Government-funded parametric insurance to assist in recovery after natural disasters will be discussed in a panel session at the AIDA XVI World Insurance Congress in Australia (WICA 2023).
The Australian Insurance Law Association (AILA) will host the international insurance law association AIDA’s flagship event on 30 August to 1 September 2023 at the Melbourne Convention and Exhibition Centre.
Avryl Lattin, a partner with Clyde & Co, will speak on innovation in insurance product development and regulation.
She will suggest Australia could follow the lead of some developing countries where parametric insurance is used to enable quick post-disaster payments to help cover costs of rebuilding.
Parametric products insure against the occurrence of a specific event. Policies pay a pre-determined amount based on the magnitude of the event, rather than any actual loss.
Ms Lattin said the Australian insurance industry responds well after natural catastrophes, but it takes time to get loss adjusters on site and repairs conducted. “With a parametric policy, once a flood reaches a specified level, payment can be made immediately.”
She will suggest governments could include parametric insurance as part of their long-term resilience planning. “It could be a cheaper option than having to fund major disaster relief programs after natural catastrophes.”
Ms Lattin will also suggest captive insurance companies may become a larger part of the Australian insurance environment, but regulatory change would be required to encourage large organisations to establish onshore captives.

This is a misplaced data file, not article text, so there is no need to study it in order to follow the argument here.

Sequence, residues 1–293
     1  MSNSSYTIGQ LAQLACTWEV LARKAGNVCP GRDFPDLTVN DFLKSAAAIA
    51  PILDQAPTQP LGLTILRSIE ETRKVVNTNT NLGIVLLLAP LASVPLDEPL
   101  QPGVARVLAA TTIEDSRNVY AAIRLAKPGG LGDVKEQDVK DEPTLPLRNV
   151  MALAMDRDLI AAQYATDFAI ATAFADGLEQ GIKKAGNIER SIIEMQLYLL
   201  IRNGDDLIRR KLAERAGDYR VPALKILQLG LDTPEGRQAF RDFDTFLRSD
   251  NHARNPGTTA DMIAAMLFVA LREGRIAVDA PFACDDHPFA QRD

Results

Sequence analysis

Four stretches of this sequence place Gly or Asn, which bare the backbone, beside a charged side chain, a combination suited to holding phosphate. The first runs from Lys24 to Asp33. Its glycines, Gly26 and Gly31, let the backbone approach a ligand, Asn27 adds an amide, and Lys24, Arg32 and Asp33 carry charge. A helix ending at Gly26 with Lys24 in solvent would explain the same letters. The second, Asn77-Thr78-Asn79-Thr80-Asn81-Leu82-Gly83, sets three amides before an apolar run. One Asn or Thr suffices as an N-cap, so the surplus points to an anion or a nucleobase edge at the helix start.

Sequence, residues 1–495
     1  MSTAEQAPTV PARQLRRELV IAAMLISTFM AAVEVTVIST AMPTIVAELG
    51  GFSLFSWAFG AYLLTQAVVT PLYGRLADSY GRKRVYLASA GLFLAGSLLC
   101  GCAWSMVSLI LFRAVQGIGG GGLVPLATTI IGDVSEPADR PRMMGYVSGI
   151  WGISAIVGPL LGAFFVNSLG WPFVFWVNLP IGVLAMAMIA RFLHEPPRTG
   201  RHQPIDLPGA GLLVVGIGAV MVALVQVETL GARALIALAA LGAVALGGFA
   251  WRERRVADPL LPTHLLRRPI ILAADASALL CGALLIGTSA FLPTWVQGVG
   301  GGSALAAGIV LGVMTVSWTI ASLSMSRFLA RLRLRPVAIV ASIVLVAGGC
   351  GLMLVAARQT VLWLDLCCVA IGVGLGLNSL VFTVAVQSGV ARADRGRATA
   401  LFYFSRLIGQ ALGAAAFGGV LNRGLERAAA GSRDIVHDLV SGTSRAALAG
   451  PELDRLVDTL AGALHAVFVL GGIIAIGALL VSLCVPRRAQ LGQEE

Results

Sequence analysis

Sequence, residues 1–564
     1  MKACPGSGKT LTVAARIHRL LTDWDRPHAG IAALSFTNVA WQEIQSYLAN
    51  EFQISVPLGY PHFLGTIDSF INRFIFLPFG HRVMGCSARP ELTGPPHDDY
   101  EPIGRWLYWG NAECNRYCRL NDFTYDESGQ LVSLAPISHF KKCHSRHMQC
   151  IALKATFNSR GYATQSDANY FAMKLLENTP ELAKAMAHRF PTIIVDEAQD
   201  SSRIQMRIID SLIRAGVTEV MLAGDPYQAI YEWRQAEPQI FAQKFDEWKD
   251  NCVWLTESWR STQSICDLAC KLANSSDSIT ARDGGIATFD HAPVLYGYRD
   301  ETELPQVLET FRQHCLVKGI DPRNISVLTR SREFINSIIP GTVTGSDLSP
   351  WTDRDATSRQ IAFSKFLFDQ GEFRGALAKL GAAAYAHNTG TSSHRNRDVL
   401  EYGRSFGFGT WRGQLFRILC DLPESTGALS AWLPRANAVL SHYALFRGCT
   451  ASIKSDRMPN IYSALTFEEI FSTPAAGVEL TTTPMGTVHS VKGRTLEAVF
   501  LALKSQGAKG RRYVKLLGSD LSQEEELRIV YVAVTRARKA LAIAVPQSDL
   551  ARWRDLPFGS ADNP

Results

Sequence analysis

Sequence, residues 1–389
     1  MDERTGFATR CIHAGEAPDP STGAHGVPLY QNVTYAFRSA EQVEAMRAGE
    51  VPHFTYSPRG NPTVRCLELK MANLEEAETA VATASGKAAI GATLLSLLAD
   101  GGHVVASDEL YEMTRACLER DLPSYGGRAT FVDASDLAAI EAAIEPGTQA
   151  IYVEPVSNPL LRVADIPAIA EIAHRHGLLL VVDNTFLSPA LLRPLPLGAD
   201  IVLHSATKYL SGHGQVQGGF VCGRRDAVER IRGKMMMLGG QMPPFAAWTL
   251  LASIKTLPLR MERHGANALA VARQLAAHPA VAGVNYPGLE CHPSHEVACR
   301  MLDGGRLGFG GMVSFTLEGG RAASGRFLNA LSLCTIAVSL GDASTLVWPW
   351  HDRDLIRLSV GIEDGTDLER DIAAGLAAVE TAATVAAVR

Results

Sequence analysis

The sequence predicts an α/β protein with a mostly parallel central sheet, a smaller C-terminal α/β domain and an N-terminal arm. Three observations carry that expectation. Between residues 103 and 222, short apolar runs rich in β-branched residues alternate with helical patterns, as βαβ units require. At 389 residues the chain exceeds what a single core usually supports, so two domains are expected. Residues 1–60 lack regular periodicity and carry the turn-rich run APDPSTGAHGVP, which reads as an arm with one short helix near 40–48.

Captive insurers are wholly owned subsidiaries that provide insurance for their parent companies. “It’s effectively self-insurance with reinsurance backing,” Ms Lattin said.
Many major Australian companies establish captives overseas in countries like Singapore and Bermuda where the regulatory regime is more conducive.
“There needs to be discussion with regulators about the potential for more onshore captives,” Ms Lattin said.
The global captive market is growing and organisations are broadening the lines they are insuring through captives. A Marsh 2022 Captives Landscape report says 8% of all global captives are Australian owned.
Ms Lattin will also suggest a change to regulations for some insurtech products. For example, one-off contents policies that insureds purchase to cover high-value goods, like electronic equipment.
“Insurers selling these must still follow all the financial services requirements, including providing product disclosure statements, but how does that fit with a low-premium, quick, easy cover?
“Regulatory sandboxes are being trialled overseas to develop lighter touch regulatory environments for specific products,” she said. The Australian Securities & Investments Commission has developed a regulatory sandbox to enable insurers and other financial service providers to trial innovative concepts.
Ms Lattin will join a panel of international and Australian speakers at WICA 2023 to explore regulatory change in the insurance industry globally.
Registration is open for the World Insurance Congress with discounted early-bird offers available until 30 June.
WICA 2023 chair and AILA’s immediate past president Angus Kench says the congress is a unique opportunity to draw international visitors from AIDA’s global chapters to Australia.
The event starts with presentations from each of AIDA’s 13 working parties that closely examine specific insurance issues from global and regional perspectives.
Panelists and expert speakers will then present sessions on four key themes – climate, conflict, ESG, and innovation and careers.
The speaker program is continually updated as more global industry leaders commit to presenting at WICA 2023.
Australia has hosted the prestigious World Insurance Congress – held every four years – only once before, in Sydney in 1994.
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